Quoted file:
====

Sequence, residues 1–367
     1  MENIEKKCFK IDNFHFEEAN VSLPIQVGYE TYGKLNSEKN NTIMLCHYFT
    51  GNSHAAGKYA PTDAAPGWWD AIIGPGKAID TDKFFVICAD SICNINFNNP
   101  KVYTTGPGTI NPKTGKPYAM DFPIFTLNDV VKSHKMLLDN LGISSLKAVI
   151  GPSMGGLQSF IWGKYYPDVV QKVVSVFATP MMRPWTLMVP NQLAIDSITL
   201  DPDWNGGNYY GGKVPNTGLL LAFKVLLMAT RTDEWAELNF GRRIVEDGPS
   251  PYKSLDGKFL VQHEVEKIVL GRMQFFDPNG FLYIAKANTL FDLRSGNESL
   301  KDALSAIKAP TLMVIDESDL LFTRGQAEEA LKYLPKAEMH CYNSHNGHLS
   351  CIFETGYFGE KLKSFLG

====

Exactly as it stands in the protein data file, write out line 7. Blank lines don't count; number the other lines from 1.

   251  PYKSLDGKFL VQHEVEKIVL GRMQFFDPNG FLYIAKANTL FDLRSGNESL